Kaesong Industrial Complex

More Support for Kaesong Industrial Complex Firms, but No Resumption

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On Nov. 10, the South Korean government announced measures to further compensate corporations hit by the shutdown of Kaesong Industrial Complex, one of the last remaining tangible results of inter-Korean cooperation. But business owners with factories at the complex are far from satisfied.

The complex, located a short drive from the inter-Korean border in North Korea, was the fruit of a historic summit between former South Korean President Kim Dae-jung and then-North Korean leader Kim Jong Il in June 2000. Under Kim Dae-jung and his successor Roh Moo-hyun, South Korea operated the “Sunshine Policy,” aimed at improving ties with the North. The Kaesong complex was designed to combine North Korean manpower and resources with South Korean technology and capital.

But the South Korean government, then under the leadership of president Park Geun-hye, decided to suspend the entire complex in February last year following a rocket launch and fourth nuclear test by the North. This meant a crisis for over one hundred companies operating inside the factory complex, with some relocating production to Southeast Asia. When President Moon Jae-in was elected, there was hope for better relations with North Korea, including resumption of Kaesong Industrial Complex.

In last Friday’s statement, South Korea’s Unification Ministry said that it was “fulfilling its responsibilities to Kaesong Industrial Complex and its enterprises, which are experiencing unexpected management difficulties due to sudden changes in government policy.” In the same statement, the ministry announced a decision to provide an additional 66 billion won (59 million dollars) in compensation, on top of what the government had already committed to providing. (517 billion won, or 463 million dollars).

A committee representing tenants of the industrial complex slammed the government’s announcement of additional support as “utterly inadequate.”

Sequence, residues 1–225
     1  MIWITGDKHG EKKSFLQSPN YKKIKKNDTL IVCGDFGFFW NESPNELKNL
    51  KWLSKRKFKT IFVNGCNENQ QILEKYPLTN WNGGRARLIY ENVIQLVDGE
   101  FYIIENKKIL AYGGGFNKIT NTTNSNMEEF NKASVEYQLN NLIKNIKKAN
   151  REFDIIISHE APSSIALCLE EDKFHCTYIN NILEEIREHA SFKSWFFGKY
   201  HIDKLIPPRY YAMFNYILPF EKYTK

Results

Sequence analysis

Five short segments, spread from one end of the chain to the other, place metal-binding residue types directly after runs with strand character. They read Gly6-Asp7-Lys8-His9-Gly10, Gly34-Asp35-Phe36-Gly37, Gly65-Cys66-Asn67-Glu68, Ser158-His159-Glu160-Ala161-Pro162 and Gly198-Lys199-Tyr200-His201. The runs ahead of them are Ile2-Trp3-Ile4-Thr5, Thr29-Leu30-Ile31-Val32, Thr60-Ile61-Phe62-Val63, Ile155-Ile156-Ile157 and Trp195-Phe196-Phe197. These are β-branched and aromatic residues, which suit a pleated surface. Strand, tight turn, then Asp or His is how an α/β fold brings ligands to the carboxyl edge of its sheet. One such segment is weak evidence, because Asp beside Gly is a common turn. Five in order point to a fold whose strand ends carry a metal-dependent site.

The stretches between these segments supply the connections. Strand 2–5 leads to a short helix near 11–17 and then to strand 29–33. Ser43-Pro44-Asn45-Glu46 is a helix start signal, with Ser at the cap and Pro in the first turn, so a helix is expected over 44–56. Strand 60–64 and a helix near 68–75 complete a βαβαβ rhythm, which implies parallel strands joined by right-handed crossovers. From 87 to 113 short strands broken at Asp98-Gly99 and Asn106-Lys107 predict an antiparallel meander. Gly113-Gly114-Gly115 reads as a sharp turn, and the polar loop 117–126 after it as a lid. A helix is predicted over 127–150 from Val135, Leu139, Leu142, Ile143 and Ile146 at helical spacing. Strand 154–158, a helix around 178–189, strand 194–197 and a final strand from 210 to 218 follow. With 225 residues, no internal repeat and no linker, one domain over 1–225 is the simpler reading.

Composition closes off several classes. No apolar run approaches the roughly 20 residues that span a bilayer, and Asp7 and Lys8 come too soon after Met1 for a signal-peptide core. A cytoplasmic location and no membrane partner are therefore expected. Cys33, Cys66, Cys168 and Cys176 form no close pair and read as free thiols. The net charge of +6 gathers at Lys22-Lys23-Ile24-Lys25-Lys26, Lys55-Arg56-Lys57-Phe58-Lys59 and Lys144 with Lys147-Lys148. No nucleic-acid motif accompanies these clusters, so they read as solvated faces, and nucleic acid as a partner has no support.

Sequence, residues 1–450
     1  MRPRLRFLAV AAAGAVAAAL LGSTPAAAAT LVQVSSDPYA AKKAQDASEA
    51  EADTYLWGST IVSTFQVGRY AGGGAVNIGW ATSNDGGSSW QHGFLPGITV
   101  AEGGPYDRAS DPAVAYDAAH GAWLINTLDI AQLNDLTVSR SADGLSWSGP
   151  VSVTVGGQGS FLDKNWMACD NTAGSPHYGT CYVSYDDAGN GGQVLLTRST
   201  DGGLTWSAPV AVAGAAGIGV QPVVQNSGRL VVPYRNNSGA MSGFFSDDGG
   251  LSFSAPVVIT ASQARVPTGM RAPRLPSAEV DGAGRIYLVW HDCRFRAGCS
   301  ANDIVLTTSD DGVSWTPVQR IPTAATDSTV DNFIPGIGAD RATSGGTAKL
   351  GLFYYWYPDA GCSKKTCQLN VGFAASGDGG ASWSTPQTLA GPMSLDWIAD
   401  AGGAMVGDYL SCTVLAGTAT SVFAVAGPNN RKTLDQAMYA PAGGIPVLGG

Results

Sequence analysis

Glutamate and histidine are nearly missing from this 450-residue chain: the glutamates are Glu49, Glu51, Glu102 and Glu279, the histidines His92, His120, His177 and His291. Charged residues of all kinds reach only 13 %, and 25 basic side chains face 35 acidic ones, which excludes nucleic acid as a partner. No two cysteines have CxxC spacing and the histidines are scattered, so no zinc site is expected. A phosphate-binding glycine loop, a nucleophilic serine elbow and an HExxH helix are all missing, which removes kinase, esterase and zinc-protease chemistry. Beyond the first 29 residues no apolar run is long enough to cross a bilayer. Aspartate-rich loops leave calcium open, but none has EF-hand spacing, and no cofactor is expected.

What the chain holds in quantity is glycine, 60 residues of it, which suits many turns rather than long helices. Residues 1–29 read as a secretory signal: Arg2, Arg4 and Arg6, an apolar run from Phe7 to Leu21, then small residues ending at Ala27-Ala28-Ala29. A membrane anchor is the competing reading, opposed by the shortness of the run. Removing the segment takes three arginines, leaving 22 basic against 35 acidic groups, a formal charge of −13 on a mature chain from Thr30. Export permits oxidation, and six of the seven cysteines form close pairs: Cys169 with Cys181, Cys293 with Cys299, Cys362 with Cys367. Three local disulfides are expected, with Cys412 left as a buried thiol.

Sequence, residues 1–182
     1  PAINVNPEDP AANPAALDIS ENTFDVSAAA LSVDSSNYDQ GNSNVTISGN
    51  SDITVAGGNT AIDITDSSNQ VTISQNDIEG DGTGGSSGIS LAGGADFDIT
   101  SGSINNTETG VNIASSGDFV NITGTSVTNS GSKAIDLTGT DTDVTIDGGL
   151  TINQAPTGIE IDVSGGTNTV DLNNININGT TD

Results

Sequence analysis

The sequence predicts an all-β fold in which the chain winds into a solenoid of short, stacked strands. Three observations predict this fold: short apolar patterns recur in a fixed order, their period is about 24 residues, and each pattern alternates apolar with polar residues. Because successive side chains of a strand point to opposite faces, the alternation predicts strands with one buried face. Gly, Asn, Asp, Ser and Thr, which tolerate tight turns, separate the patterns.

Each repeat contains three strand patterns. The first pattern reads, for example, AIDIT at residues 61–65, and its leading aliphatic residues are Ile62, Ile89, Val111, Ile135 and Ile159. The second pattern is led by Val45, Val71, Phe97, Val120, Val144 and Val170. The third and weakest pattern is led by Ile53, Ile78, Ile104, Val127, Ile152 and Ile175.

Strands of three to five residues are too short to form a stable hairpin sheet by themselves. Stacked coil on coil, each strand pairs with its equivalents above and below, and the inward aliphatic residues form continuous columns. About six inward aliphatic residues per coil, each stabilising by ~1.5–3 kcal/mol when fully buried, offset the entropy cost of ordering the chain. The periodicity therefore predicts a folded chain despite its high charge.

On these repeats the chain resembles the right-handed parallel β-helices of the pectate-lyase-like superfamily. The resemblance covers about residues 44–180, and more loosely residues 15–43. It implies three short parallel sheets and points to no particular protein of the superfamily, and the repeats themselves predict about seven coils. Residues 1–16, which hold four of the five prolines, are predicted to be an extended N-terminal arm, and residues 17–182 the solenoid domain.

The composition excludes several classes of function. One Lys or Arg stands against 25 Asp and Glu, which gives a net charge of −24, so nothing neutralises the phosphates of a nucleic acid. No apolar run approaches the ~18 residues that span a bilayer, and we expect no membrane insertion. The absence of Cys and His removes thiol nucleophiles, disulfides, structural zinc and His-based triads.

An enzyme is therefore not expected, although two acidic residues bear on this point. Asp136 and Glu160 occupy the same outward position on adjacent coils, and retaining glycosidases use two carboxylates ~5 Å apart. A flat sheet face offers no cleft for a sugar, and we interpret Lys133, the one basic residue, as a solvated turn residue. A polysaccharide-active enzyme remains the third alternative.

Speaking to Korea Exposé, a spokesperson for the Emergency Measures Committee of the Kaesong Industrial Complex Tenant Companies said, “We are disappointed. Of the 786.1 billion won in damages the government calculated through its own surveys, we have yet to receive approx. 225 billion. The extra 66 billion won promised by the government last Friday is less than a third of that.”

The committee also branded the government’s damage estimate as being too low. “We have estimated that our losses amount to at least 1.5 trillion won [1.34 billion dollars] in total.”

Road to Kaesong Industrial Complex, as seen from the south side in the Demilitarized Zone
Road leading to Kaesong Industrial Complex, as seen from the south side inside the Demilitarized Zone. (Raphael Rashid/Korea Exposé)

The spokesperson added that that “On Nov. 13, we agreed to accept the government’s additional support measures [66 billion won]. However, we will continue to demand government support so that tenant companies that were hit hard by the abrupt closure can resume business at the complex.”

Last month, a delegation of more than 40 businesses applied to the Ministry of Unification for permission to visit the Kaesong complex in order to inspect and maintain equipment and check for signs of unauthorized use of the factories.

“The ministry asked North Korea to cooperate with assurances of personal safety and traffic-related measures. However, the North is not responding, so the visit to Kaesong Industrial Complex is still on hold,” said the spokesperson. “The companies will continue to push to visit North Korea.”

But the ministry made it clear that, regardless of the group’s chances of visiting North Korea, “The resumption of inter-Korean economic cooperation, including the Kaesong Industrial Complex, will be considered at a time when the North Korean nuclear issue is settled.”

 

Cover image: Kaesong Industrial Complex. (Source: Mimura via Wikimedia Commons)

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Raphael is a journalist and freelance fixer based in Seoul. He read Japanese and Korean Studies at the School of Oriental and African Studies (SOAS), and earned an MA in Korean Studies at Korea University. Before joining Korea Exposé, Raphael worked at Edelman Korea for three years, representing some of South Korea's biggest conglomerates.

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